Why Season Long Fantasy Golf Is Here to Stay

Why Season Long Fantasy Golf Is Here to Stay

A few months ago now, Rick sent me a text posing a very simple question, “Why doesn’t season long fantasy golf… exist?” To be honest, I had never put much thought into this, but the wheels started turning quickly.

I am an avid lover of fantasy football. I’ve had a way too serious home league going now for seven years, and I have two other leagues that I am also heavily invested in. Although I’ve had a ton of success, I will never claim to be a fantasy football sharp, or one who can articulate a decision making process and statistical model the way that I can with golf. For this reason, I actually consume a lot of fantasy football content. I rely on others more to help me make decisions, whereas in golf, I consume virtually zero content, and am borderline over reliant on my numbers and beliefs.

As someone who is heavily invested and consumes tons of content in fantasy football, I began to examine what makes this ecosystem so successful. When I really dove in, I could not believe how giant of an industry that fantasy football has become.

Within a decade, Matthew Berry went from writing a fantasy football column to being one of the pre-game hosts for primetime Sunday Night Football. Point being, fantasy football grew because there were a few people who strongly advocated for it. Matthew Berry is not solely responsible for the boom of fantasy football, but he did play a meaningful role in getting it to the point that it is at today. Fantasy football needed a few charismatic and thoughtful advocates with a big enough platform to get the public to believe in it. I really believe that the only reason season long fantasy golf hasn’t taken off yet is because we’ve never had a person with any form of platform advocate or care about the product.

When I posed this theory to Rick, I was unsurprised to find that he felt the exact same way. There are only a handful of people in our very niche industry of daily fantasy and golf betting that are in a position to actually reach enough people. Rick is certainly one of those people. To a lesser extent, I am too. So is Joe Idone, who has also been in our earliest discussions.

With that being said, it’s not like Rick or I could snap our fingers and expect any sizable number of people to start playing and loving fantasy golf. It was going to take some hard work, and Rick posed two very crucial barriers that season long fantasy golf will be forced to overcome. Barrier number one is that there is no agreed upon format, and barrier number two, as simple as it may sound, is that there is no place to play. I would even add that the third barrier is that season long fantasy golf content does not exist!

Diving into number one, the vast majority of fantasy football leagues are either in the standard or PPR format. Most leagues are also snake draft or re-draft leagues from one season to the next. Almost all leagues end on one of the last few weeks of the NFL regular season. The trade deadline and waiver claim process are very similar in most leagues. Ultimately, there is an agreed upon format that fantasy football plays within. As the industry matured, many new formats (dynasty, best ball, etc.) were spawned, but that is only because the first giant wave of players were introduced to a format that was fair, made logical sense, and featured content around it.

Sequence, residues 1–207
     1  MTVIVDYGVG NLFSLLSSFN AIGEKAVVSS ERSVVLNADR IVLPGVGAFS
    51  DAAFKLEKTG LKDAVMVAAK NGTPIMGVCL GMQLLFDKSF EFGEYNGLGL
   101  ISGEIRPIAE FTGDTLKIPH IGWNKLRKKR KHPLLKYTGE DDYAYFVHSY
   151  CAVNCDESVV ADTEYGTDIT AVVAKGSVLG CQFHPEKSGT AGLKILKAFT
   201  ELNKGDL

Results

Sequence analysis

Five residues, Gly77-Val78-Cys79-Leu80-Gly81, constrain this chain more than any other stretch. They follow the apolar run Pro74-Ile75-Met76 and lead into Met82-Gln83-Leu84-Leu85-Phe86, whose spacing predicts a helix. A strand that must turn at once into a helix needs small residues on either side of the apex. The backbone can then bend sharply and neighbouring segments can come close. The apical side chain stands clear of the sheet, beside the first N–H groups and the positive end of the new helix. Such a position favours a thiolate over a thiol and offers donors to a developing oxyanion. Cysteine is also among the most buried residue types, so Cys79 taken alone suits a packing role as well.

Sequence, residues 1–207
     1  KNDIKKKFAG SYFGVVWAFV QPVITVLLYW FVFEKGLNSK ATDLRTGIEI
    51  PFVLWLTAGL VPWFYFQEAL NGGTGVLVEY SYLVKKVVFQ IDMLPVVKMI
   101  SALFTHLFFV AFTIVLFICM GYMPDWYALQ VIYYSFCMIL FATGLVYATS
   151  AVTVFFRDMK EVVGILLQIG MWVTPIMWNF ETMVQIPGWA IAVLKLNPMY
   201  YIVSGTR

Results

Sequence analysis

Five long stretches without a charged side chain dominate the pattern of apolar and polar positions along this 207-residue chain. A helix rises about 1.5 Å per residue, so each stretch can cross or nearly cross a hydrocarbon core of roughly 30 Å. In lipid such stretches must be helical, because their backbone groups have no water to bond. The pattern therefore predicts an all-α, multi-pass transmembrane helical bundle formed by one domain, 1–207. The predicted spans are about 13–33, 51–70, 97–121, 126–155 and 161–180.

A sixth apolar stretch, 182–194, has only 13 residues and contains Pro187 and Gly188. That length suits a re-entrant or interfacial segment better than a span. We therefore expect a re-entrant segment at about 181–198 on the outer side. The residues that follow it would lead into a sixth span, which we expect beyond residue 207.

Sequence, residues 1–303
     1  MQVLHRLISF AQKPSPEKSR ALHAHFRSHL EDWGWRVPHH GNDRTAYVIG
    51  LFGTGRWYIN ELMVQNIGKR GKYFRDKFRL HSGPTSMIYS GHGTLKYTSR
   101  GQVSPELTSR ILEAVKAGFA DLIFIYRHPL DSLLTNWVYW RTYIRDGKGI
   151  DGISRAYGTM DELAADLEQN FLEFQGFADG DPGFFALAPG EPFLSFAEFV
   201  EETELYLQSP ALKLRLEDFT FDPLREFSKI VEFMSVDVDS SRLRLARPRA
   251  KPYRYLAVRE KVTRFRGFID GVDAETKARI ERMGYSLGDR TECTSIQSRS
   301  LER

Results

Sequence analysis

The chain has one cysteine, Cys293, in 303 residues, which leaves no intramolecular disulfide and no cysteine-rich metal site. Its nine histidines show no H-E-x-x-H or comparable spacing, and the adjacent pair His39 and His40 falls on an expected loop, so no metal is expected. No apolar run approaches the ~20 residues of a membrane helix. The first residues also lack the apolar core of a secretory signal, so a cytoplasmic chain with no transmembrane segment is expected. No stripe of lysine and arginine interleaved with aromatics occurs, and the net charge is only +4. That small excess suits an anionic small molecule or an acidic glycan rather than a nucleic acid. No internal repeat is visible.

Barrier number two is going to be a lot harder to accomplish on our end, but is certainly worth the investment. The few options that exist for season long fantasy golf are generally under-developed with little live scoring and zero investment into the technology and content that has made fantasy football so successful. We do not have enough time to launch a fantasy football hosting platform on Rickrungood.com before the start of 2023, but we’ve already started to lay the breadcrumbs. Fantrax.com is a worthy placeholder for this year.

The solution to barrier number three is essentially covered in the original plan that Rick proposed. We need a league of eight to ten dedicated players who produce content. The idea is for us to build the gold standard league that is supported by our content. Our league will produce a livestream of the draft, answer start/sit questions, rank players, propose trades, and essentially mimic the content that has made fantasy football so popular.

Here is the general format that we believe is a great place to start:

  • 8-12 Teams
  • Head to Head Scoring
  • Re-draft at the start of every new season
  • Snake Draft, 12 rounds
  • Rosters
    • 12 players per team
    • 6 Starters, 6 Bench
    • Waivers open Monday at 12:01 AM and close on Monday 11:59 PM
    • Processed on Tuesday, free agency opens
    • Trade deadline is malleable, but U.S. Open week feels like a good a spot? The U.S. Open is the 21st event of the regular season, with seven weeks remaining.
  • Gameplay
    • DraftKings-ish scoring, excluding bonuses for birdie streaks, four rounds under 70, etc. Highest scoring wins the matchup
    • Four to six teams make the playoffs. Four in an eight man league makes sense, but so does 6 in a 12-team league.
  • Schedule
    • Regular season is the Sony Open to the Wyndham (28 events: Play each opponent four times)
    • Also an option to make it 21 events, play each opponent three times and remove some of the weaker events.
    • Both versions exclude Match Play, Zurich, and alternate field events
    • For 6 teams make the playoffs:
      • First round (top two in standings gets a bye:) Wyndham
      • Semi-Finals: FedEx St. Jude’s
      • Finals: BMW Championship
    • For 4 teams make the playoffs:
      • Semi-Finals: Fed-Ex St. Jude’s
      • Finals: BMW Championship
    • Also open to the finals being the Tour Championship, which adds a totally different element of strategy to the fold, as that event only has 30 players! This would place a much greater emphasis on keeping an eye on the FedEx Cup standings throughout the season.